Spain has its Jamon Iberico, an incredibly delicious cured ham. According to HamLovers.com, “only Spain has the special black Iberian pigs, the particular climate, the vast oak forests and centuries of traditional expertise that go into making this unique gourmet delicacy”.
We could debate how much of this is truth and how much is clever marketing. We could also have differing opinions on whether climate and age-old techniques (and all the other special characteristics) really make significant differences. Regardless of what we decide, regardless of whether or not we acknowledge the differences and agree to pay the typically premium price to enjoy them, the fact remains that certain products will continue to be considered special in the culinary world.
There are three foods that I consider to be unique to Italy: Parmigiano-Reggiano cheese, Prosciutto di Parma, and Aceto Balsamico Tradizionale di Modena – all from the Emilia Romagna region of Italy. (Should we be seeing a trend here?) I have already extolled the merits of Parmigiano-Reggiano; and I will have some comments about prosciutti at a later time. Today, I will focus on aged balsamic vinegars.
Many of the balsamic vinegars sold in the United Sates are not aged at all, but are (usually wine) vinegars with caramel coloring and flavoring added. As I hope to convince you here, even a few years of aging is better than none. The words I used to describe wine and cheese in an earlier blog apply here, too. All balsamic vinegars are good, but some are better than others. In this case, however, some are really, really better than others! Allow me to explain.
Authentic Aceto Balsamico Tradizionale di Modena (sometimes called TVM for short) is made only in and around Modena, Italy. Only six varieties of grapes grown in the province of Modena can be used, and it is required that the grape skins and juice (called musto in Italian) be cooked for at least 12 hours. The cooked musto is placed in wooden barrels to begin an aging process that lasts a minimum of 12 years, and in some cases, as many as 25 years or more. The aging process is very complex and involves adding “younger” vinegars to “older” ones.
There are even more restrictions. According to the official production rules, to “earn” the right to label a product Aceto Balsamico Tradizionale di Modena, the aged vinegar must pass a series of “analytical and organoleptic” examinations. (Note: When I read this I had no idea what organoleptic examination meant. It simply means “tasting it”!). Vinegars that pass these tests also are required to be marketed in traditionally-shaped bottles, with very specific labels, and a red wax seal.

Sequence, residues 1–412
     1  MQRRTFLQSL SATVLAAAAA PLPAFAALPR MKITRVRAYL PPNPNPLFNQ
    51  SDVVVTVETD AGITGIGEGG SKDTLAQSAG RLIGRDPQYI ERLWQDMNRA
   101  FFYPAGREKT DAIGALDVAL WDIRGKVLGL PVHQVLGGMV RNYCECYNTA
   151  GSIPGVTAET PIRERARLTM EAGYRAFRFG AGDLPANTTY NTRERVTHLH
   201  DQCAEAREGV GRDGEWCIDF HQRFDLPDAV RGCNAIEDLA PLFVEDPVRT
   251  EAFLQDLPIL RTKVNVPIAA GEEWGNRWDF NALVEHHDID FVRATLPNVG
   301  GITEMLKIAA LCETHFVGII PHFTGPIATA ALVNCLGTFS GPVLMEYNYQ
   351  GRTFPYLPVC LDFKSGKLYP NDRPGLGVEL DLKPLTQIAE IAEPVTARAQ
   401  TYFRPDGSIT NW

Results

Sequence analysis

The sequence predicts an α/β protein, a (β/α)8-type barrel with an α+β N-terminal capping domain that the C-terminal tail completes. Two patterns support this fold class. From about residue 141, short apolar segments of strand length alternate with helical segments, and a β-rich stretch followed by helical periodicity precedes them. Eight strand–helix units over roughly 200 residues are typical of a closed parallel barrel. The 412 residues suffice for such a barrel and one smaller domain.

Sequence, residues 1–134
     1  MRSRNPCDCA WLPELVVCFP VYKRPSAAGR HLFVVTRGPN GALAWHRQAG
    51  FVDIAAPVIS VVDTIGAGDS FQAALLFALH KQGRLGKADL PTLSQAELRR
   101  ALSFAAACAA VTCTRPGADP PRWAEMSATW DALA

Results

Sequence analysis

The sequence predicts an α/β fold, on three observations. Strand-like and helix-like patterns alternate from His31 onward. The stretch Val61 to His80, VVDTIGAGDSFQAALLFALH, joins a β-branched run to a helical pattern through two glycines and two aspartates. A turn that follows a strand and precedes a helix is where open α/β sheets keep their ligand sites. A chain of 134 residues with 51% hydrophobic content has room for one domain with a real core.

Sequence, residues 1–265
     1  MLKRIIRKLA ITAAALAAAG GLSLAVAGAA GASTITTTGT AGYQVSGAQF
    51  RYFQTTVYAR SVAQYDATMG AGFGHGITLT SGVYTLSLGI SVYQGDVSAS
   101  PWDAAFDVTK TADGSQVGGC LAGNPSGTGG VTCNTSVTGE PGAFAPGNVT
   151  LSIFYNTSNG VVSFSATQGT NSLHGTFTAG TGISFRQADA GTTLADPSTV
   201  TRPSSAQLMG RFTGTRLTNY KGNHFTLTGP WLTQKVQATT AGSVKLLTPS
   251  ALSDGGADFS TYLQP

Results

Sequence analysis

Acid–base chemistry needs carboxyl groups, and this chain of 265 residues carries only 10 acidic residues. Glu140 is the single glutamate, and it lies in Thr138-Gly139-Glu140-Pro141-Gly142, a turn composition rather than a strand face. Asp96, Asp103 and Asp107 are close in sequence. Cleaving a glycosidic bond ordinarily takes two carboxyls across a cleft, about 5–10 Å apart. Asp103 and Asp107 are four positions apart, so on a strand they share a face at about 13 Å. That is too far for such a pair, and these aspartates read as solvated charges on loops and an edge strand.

Lastly, there are at least three competing regulating groups in Emilia Romagna and they seldom agree with each other. There are regulations that ban printing the barrel age on the label (because all vinegars, regardless of barrel age, have had younger vinegars added periodically), but few producers follow them – especially for the export market.
As you can imagine, after a quarter-century of aging, the TVMs passing all the tests are magnificent. They are dark and richly flavored, with a perfect balance of sweetness and tartness. Only a few drops are necessary to enrich the flavor of the foods they traditionally accompany: hard cheeses (especially the king of cheeses), salumi (cured sausages), and eggs – especially eggs. Actually, you can serve TVM with almost anything. Believe it or not, it is even delicious on vanilla ice cream!
As you probably guessed by now, TVMs can be expensive. They are, at least by my definition, but even if price isn’t a major issue, selecting a TVM isn’t easy. If you have the time and inclination, take a look at some of the TVM offerings at Amazon.com. There are many other sites, of course. I mention this one only because you’ll quickly see why selecting a TVM can be difficult.
After all this, I can’t leave you without some kind of recommendation, but before I do that there is one other point I need to make. As a rule of thumb, the price of an authentic TVM – one that has passed all the necessary tests – sells in the United States for about $50 an ounce. Regardless of the bottle’s label, shape, or seal, anything selling for less is not authentic. Period!
As you will see if you visit the site I just suggested, however, there are several (faux authentic) vinegars selling for much less than $50 an ounce. While it would be foolish to generalize about these less costly vinegars, for the most part they are vinegars that, for whatever reason, did not pass all the required tests, or weren’t aged long enough to qualify for the tests. That doesn’t make them unacceptable in any way; in fact, they actually can be quite good – even superb.
So my recommendation is this: whether you are on-line or in your favorite grocery store (or better yet, in an Italian grocery store), visit the balsamic vinegar section and select one that fits your budget – just be sure that it is an aged vinegar. I prefer one that has been aged for 10 to 12 years. The price is always reasonable and I have never been disappointed in the taste. It will also last for years!
Many of you already know what aged vinegars can contribute to so many different foods. If you haven’t yet tried one, I hope I have tempted you to add Aceto Balsamico di Modena to a future shopping list!
P.S. Oh, and there's one more Italian goody for you to consider. Some of the cooked (but unfermented) grape must prepared in the TVM process is also bottled and sold separately. It is called Saba. Saba has an intense grape flavor with almost fig-like overtones, but with no hint of acidity. It, too, is served traditionally with hard cheeses and salumi. It is also a delicious accompaniment to baked squash. You can find Saba on line and in most Italian grocery stores.